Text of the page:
This chassis uses an aluminum center section that left its natural color with a black colored plastic top and a black bottom cover. The look of the NUC hasn’t really changed since it was introduced in 2012, but it doesn’t look dated by any means.

Intel NUC Kit NUC5i5RYK Power Button

The top cover is removable and there are 3rd party lids coming later this year that support new functionalities like wireless charging, near field communications (NFC), or 4G/LTE. There are even covers coming out that bolster the I/O ports, so you can add USB 2.0, VGA, RS232C COM, SDXC card reader, or other ports.  The top cover has a diamond cut around the top to add some extra flare and it also houses the power button and activity/power LED.

Intel NUC Kit NUC5i5RYK Front

On the front panel you’ll find two SuperSpeed USB 3.0 ports (one is charging capable) the headphone/microphone jack and the consumer infrared sensor.

Intel NUC Kit NUC5i5RYK Back

When it comes to rear connectivity you’ll find the DC power plug, Mini DisplatPort 1.2, Gigabit Ethernet, two USB 3.0 ports and the Mini HDMI 1.4a video output. Above the rear I/O ports there are a pair of exhaust ports to expel the hot air from the CPU cooler that is ducted to this vent.
Intel NUC Kit NUC5i5RYK Bottom Lid

Flipping the NUC NUC5i5RYK over we see the metal bottom plate is held on by four Philips screws that are recessed down inside four rubber feet that ensure the NUC doesn’t slide or scrape the finish of your desk if you choose not to use the VESA mount. There are no air ventilation holes on the bottom of the NUC, but there are some on the two sides to ensure some air is able to move around. You can also see the Kensignton lock in the image above that is on one side of the NUC to prevent it from being stolen.

Let’s take a look inside the Intel NUC NUC5i5RYK

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  • Patrik Lindgren

    About the price of this machine.
    this machine is a barebone system that comes without ram, harddrive and OS, these things you would have to add for yourselves and it adds a couple of hundred dollars to the base price som to save money I strongly recommend to run Gnu/Linux on this system because the intel NUC is not really a gaming PC so there is no real advantage to run MS Windows 8 or 10 on it and it is much cheaper to have it running Gnu/Linux. You would save at least about 90 dollars for the windows license.
    Some of you might of course still want to run Windows on this for some reason and if you do then you have to be aware of a few things
    Since MS Windows normally comes on a dvd, (as the Windows 8.1 System Builder OEM DVD 64-Bit you mention in the text), it might be a good idea to get an external DVD player as well, it makes things a lot easier when installing MS Windows and MS Windows software like antivirus and MS office (witch of course might add jet another couple of hundred dollars to the total price.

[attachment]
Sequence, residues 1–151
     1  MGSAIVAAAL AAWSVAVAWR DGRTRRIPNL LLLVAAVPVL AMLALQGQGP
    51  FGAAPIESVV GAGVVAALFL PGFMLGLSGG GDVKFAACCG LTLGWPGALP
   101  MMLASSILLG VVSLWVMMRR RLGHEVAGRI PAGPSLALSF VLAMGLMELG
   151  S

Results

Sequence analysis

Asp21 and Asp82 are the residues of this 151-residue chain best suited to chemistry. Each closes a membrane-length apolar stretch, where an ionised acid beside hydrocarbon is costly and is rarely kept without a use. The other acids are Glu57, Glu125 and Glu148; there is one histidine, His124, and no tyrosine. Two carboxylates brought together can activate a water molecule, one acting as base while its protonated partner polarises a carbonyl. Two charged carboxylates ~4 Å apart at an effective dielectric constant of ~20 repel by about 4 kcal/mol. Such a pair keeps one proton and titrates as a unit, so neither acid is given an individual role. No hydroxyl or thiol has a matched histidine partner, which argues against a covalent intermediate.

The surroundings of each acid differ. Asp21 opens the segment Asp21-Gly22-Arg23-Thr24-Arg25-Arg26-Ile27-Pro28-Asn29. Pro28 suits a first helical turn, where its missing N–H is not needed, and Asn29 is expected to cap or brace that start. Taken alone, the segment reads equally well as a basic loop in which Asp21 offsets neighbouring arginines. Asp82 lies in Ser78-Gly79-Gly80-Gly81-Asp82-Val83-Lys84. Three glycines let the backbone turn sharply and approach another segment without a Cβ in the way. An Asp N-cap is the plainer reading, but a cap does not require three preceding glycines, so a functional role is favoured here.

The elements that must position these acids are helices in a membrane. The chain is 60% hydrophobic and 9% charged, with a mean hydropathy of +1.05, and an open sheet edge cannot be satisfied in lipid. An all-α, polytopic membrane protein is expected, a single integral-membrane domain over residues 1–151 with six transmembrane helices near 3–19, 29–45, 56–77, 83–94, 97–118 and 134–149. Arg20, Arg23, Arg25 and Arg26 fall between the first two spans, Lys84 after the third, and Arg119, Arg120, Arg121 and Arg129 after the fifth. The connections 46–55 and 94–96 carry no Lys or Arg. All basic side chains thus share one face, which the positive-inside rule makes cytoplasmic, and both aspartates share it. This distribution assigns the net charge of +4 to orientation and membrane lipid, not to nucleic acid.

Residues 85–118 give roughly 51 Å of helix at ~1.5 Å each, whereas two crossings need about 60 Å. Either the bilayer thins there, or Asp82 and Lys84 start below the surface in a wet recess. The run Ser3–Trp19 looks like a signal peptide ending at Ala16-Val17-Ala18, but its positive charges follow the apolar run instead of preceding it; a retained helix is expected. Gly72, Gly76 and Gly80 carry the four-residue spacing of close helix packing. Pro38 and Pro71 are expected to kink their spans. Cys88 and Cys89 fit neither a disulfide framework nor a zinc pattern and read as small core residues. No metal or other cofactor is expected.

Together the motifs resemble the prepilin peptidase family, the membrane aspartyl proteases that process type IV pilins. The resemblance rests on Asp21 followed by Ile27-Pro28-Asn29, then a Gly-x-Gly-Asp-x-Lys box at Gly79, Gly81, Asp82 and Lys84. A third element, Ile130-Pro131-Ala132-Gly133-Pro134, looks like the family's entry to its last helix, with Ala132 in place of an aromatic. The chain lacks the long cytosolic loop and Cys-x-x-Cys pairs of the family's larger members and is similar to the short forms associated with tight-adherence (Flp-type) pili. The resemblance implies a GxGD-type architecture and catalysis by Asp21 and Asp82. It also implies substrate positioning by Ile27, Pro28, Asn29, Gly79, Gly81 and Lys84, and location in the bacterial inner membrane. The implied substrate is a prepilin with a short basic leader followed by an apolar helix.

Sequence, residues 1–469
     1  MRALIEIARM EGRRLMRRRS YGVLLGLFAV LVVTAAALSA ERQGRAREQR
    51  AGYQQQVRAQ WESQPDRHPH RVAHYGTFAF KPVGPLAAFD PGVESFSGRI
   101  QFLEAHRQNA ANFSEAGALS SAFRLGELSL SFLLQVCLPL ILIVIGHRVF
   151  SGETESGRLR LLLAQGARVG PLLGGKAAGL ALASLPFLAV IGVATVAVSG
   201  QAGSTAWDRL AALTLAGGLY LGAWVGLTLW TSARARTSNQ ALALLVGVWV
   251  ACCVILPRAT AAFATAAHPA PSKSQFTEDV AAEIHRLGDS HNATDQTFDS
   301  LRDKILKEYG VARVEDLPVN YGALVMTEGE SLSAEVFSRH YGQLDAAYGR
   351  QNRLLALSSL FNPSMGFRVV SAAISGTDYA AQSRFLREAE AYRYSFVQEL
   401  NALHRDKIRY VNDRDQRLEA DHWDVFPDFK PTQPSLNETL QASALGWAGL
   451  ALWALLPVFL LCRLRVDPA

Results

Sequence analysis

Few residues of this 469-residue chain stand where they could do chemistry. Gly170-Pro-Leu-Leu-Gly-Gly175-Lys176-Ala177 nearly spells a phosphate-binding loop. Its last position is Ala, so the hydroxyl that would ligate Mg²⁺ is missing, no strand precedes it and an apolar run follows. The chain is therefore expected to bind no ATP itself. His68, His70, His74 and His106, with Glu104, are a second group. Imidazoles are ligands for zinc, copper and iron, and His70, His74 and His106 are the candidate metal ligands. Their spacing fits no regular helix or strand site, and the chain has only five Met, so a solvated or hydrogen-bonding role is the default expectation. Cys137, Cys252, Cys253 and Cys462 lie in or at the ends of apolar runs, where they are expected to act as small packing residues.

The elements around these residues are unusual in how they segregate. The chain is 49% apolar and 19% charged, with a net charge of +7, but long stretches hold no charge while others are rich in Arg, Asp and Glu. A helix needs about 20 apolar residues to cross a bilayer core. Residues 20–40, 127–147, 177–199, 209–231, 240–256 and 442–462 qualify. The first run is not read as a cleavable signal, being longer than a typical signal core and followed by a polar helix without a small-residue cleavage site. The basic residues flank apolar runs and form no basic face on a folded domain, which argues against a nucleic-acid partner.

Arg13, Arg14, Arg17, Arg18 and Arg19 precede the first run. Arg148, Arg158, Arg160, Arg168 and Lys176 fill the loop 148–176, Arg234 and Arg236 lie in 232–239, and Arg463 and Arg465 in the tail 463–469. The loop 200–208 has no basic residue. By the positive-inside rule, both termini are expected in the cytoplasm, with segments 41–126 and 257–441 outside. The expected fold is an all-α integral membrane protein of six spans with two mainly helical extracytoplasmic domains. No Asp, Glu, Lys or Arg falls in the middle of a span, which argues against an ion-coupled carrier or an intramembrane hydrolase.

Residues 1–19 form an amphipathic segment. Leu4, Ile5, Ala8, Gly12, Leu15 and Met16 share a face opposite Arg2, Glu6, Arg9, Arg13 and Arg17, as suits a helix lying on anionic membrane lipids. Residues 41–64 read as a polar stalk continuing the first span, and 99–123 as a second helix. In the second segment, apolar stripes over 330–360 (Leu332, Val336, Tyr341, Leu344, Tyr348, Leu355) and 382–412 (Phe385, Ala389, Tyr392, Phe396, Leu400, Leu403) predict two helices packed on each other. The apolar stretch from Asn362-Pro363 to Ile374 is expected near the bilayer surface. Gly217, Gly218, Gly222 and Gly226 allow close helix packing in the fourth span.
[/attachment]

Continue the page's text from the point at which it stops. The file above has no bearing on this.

Most Gnu/Linux based systems on the other hand can easily be installed from an usb drive and most of them already have office programs pre installed, and there isn’t really a need to get an antivirus program due to lack of viruses on the Gnu/Linux platform.
    This might save you another couple of hundred dollars if you have access to another computer to create the usb installation drive from an iso image on otherwise you would still need that external DVD drive to install from a burned Linux dvd as well. this is not mentioned in the review.

    I run Ubuntu Mate 16.04 LTS on my Intel NUC and it works very fast and boots up in about an eye blink, I go to the TV, press the ON button on my NUC and then go to sit down in my couch, and during the few seconds it takes to do that, the system gets completely booted up and the login screen is up.
    I have 8 GB of ram, a normal SSD drive in it, not a super fast M.2 Drive, it was to expensivefor me.

    I have the NUC connected to my 40” Samsung UHD TV with HDMI and surprisingly it does UHD resolution on Ubuntu, but when I sit in my couch a few meters away from the TV, I can hardly see the menus in that resolution so I changed it down to 1920X1080 witch works better when I surf on the internet.

    The only problem I have is that I couldn’t get the sound to work through the HDMI cable but it works fine when I connect it with the analog cable, I have a Logitech Z906 sound system so I don’t know if it is the Z906, the NUC or Ubuntu Mate that is coursing this, but at least I have sound so its not a big problem.

    I hope this is helpful for someone thinking of buying one of these machines.

  • Robert Valentine

    I am working on a project and I am trying to power this NUC using the 4-pin auxiliary power connector. Can someone please tell me what the pin out is? I am not sure if the pins from left to right are 1234 or from right to left 1234. The image above is what I am referring to. I am have an auxiliary power supply that use the positive and negative pins but I am not sure what ones they are. Any help would be really appreciated.